Ensuring Quality Access To Cloud Apps

Speed arrowsThe ongoing shift of focus away from point-to-point communication towards Everything-as-an-App changes corporate users’ expectations regarding their LAN and WAN performance. Not only do they expect the apps to work across a range of end-user devices, they also expect them to synchronize across these devices and be available in any location they happen to be working in.

This is all good news for the IT department, as it emphasizes the still-more-critical role of both network access and network resources. Let’s face it: IT professionals thrive on complexity, especially when the users demand convenience.

To deliver on these expectations, IT needs to identify what apps are to be considered ‘corporate’, and then build the network fabric that provides the required services and meets core requirements around control, flexibility, security, cost, etc.

Corralling the corporate app universe

An enterprise app store can provide the controlled availability of apps for employees and partners. Selecting an external app store provider like Apperian or Good for on-site or hosted cloud solutions should be based on a thorough needs assessment that includes:

  • The types of apps to include (public, custom, hybrid)
  • The location of the store (in-house or in the cloud)
  • The mobile OS to support (this list will grow and change)
  • Browser and native apps support (downloadable and HTML5 browser accessible)
  • Access controls (aligned with corporate authentication and authorization procedures)
  • Update and notification strategy (make it convenient, but insisting until it becomes compulsory)
  • Store management (handling new apps, monitoring usage, and retiring old apps)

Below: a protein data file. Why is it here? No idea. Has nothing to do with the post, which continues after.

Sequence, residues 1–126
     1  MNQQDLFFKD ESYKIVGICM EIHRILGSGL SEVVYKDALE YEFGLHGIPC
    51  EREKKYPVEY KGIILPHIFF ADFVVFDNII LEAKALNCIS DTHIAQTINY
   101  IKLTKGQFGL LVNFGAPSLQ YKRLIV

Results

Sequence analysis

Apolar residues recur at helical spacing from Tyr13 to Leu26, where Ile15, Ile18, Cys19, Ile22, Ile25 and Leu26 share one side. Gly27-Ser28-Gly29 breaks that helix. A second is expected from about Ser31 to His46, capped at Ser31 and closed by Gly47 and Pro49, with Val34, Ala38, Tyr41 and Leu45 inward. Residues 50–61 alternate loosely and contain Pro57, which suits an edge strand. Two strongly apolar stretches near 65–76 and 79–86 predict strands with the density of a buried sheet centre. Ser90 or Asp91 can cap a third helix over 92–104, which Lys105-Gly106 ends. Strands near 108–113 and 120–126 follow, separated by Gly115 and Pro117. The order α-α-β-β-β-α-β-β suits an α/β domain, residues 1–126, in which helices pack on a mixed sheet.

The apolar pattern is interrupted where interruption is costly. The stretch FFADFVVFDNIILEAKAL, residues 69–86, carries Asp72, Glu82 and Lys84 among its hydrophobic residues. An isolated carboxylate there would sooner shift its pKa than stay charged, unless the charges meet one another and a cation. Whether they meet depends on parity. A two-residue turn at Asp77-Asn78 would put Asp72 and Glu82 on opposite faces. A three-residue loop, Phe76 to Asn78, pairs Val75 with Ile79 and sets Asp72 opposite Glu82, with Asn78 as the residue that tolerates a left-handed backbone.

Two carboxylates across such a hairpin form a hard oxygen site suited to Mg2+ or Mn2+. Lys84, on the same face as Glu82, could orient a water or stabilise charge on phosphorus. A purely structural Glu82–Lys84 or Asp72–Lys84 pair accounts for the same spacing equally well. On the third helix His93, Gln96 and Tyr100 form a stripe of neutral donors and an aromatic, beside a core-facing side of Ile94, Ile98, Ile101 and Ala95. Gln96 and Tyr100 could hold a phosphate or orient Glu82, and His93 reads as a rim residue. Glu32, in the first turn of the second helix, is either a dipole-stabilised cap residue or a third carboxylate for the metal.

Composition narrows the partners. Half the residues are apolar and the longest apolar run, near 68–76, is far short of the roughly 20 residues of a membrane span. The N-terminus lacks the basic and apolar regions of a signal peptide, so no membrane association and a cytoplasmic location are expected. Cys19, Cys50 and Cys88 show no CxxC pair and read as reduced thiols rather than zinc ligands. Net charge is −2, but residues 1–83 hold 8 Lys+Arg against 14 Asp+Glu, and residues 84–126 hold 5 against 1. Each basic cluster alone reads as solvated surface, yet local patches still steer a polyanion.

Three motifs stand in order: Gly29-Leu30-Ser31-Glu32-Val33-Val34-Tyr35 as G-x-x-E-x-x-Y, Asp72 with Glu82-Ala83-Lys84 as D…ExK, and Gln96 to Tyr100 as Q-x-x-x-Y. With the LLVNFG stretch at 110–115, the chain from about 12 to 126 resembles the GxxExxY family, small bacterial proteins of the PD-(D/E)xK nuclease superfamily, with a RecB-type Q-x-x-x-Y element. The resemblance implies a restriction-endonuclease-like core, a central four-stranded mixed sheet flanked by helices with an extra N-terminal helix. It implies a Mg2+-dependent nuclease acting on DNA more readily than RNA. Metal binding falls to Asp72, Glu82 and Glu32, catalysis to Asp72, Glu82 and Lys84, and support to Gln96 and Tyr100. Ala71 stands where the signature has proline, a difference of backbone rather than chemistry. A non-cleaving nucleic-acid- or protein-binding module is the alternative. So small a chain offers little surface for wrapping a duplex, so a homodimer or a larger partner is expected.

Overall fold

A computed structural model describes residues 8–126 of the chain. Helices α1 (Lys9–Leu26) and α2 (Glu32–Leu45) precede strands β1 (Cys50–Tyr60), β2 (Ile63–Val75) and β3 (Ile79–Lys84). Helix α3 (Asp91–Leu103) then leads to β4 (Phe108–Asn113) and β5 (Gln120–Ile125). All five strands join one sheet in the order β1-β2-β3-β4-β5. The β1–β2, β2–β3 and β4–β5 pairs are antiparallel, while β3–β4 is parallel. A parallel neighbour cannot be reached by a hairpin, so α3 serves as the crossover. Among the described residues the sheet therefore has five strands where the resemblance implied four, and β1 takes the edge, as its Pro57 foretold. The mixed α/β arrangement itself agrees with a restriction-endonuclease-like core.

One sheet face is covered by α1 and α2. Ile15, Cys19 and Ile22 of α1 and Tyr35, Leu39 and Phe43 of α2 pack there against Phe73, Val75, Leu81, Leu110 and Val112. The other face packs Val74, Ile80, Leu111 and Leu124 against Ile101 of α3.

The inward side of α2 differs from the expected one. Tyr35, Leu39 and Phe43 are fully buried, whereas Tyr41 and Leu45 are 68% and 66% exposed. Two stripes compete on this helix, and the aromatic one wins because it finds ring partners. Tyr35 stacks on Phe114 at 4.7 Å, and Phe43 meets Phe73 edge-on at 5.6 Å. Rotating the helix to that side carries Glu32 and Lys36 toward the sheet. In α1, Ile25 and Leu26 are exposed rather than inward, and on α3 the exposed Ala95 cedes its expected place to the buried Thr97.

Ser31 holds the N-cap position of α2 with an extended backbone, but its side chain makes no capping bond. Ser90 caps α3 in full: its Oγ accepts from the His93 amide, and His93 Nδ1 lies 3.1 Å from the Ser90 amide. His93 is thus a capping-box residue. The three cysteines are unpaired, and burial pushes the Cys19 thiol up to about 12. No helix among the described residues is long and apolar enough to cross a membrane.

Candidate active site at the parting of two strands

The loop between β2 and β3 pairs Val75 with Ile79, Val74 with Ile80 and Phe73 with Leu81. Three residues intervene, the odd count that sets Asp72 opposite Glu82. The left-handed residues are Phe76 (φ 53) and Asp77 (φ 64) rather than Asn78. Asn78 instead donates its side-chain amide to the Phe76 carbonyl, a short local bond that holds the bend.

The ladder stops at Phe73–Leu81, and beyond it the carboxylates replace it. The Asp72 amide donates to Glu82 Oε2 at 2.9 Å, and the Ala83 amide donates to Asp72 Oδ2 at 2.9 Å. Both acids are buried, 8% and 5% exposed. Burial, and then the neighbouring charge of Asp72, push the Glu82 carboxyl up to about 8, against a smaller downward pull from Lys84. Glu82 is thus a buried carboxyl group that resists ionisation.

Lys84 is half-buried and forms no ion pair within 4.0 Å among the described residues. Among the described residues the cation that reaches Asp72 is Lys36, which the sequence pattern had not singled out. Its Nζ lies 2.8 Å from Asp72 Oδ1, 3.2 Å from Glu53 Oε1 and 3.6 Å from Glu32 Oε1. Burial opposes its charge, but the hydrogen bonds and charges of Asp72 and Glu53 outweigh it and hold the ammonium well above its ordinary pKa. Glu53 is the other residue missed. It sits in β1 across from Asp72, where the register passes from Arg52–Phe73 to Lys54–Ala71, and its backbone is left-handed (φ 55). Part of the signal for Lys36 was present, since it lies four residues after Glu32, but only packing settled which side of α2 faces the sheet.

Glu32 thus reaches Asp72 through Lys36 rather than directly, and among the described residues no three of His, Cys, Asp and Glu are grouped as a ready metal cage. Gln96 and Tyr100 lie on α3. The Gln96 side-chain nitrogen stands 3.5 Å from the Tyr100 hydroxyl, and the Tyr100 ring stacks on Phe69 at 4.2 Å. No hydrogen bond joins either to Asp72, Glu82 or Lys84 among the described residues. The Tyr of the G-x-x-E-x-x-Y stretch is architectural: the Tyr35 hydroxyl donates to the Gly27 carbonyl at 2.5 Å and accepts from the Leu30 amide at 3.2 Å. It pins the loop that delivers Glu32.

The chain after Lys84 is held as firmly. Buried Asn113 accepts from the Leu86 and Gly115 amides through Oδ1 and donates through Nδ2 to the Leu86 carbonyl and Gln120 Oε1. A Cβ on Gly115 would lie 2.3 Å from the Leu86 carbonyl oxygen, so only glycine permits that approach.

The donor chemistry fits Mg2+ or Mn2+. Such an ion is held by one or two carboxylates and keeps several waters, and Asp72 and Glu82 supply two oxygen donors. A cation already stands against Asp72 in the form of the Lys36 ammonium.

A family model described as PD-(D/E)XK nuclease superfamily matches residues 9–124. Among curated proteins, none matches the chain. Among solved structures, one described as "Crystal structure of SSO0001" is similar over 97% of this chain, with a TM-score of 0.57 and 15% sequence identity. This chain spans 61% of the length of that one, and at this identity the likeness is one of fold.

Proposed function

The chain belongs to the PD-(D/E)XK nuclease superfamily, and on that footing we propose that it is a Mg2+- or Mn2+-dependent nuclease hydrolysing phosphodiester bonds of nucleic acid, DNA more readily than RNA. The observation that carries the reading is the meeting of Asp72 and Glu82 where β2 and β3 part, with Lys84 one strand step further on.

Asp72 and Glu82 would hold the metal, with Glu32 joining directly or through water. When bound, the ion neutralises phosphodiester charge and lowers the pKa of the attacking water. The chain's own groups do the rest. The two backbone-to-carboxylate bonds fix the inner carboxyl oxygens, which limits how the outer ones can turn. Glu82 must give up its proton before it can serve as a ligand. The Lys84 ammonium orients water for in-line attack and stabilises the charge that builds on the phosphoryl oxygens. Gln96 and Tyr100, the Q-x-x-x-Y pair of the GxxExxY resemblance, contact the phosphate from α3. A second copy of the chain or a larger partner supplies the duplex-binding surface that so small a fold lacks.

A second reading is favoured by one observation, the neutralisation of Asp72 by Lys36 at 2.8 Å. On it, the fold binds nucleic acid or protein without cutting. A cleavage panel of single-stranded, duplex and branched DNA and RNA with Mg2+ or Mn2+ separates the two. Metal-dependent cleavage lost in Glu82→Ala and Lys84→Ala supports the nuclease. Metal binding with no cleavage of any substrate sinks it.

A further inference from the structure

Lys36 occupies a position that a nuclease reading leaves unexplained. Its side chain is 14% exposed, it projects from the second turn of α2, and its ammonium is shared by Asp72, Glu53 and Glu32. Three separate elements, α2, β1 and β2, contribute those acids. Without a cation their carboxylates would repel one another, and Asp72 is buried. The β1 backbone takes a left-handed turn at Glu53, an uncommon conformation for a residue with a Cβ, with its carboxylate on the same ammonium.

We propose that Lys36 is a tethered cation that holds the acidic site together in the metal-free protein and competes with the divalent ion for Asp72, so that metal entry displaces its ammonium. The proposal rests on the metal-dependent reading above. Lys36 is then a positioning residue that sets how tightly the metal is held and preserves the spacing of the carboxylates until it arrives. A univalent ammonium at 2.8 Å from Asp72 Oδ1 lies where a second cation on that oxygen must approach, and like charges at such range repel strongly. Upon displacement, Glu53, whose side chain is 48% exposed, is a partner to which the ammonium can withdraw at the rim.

• Security (Encryption and malware filtering, as well as app performance and usage monitoring)

Providing the blue skies network access

If we refer to WAN-accessed app providers as ‘cloud’ service providers, then we might refer to the network access as depending on the local ‘weather conditions’. A more prosaic term might be ‘WAN-optimization’. But that doesn’t quite capture the performance requirements for apps-performance optimization where software-defined networks (SDN) performance improvements (and cost reduction) involve consolidation, convergence, and virtualization, along with significant changes in management and GRC (Governance, Risk and Compliance) procedures. The cat’s cradle of MPLS connections, leased lines, and Internet connectivity makes unified apps performance management really difficult, as these apps may reside in internal data centers or be provided by SaaS operators like Salesforce.Com and Microsoft 365, or via IaaS providers like AWS and Azure. There are several approaches to this:

Network vendors like XO Communications with its Intelligent WAN Network may advocate a single end-to-end MPLS. Hardware centric vendors like Riverbed and Cisco prefer to address the problem with hardware alignment. Riverbed with its range of Steelhead boxes aims to accelerate the delivery of applications to the branch and from the cloud and allows IT to prioritize delivery of mission-critical applications over the fastest networks. Similarly, Cisco uses its Application Experience (AX) Routers to scale to the growing demands of branch-office users by providing an optimal experience over any connection at lower cost.

The latest software-centric offering comes from the company hosting this blog. Silver Peak recently launched its Unity Intelligent WAN Fabric combining software or appliance instances, cloud intelligence and orchestration. Here, the focus is on software combining advanced WAN routing, encryption, data deduplication, and traffic shaping, with real time ‘weather reports’ on local network performance levels relative to where the user is located. The aim is to identify the optimal traffic path to the optimal egress point to access SaaS, IaaS, or corporate data centers, all managed as a single ‘fabric’ by corporate IT. This approach handles multiple traffic protocols and is hardware independent. However, it works best with SaaS and IaaS providers that actively provide access information to the global Silver Peak ‘weather desk’, that monitors traffic conditions and continuously updates the local Unity instances. At launch some 30+ SaaS providers were connected — with more to follow as customer adoption grows.

Combining an enterprise app store with a unified access fabric goes a long way to providing faster, cheaper and more reliable apps availability for corporate users. Access optimization doesn’t vector in mobile users yet, and of course just around the corner lurks the Internet of Things raising a host of new security and performance issues, but for corporate IT, the weather outlook is good!

About the author
Bernt Ostergaard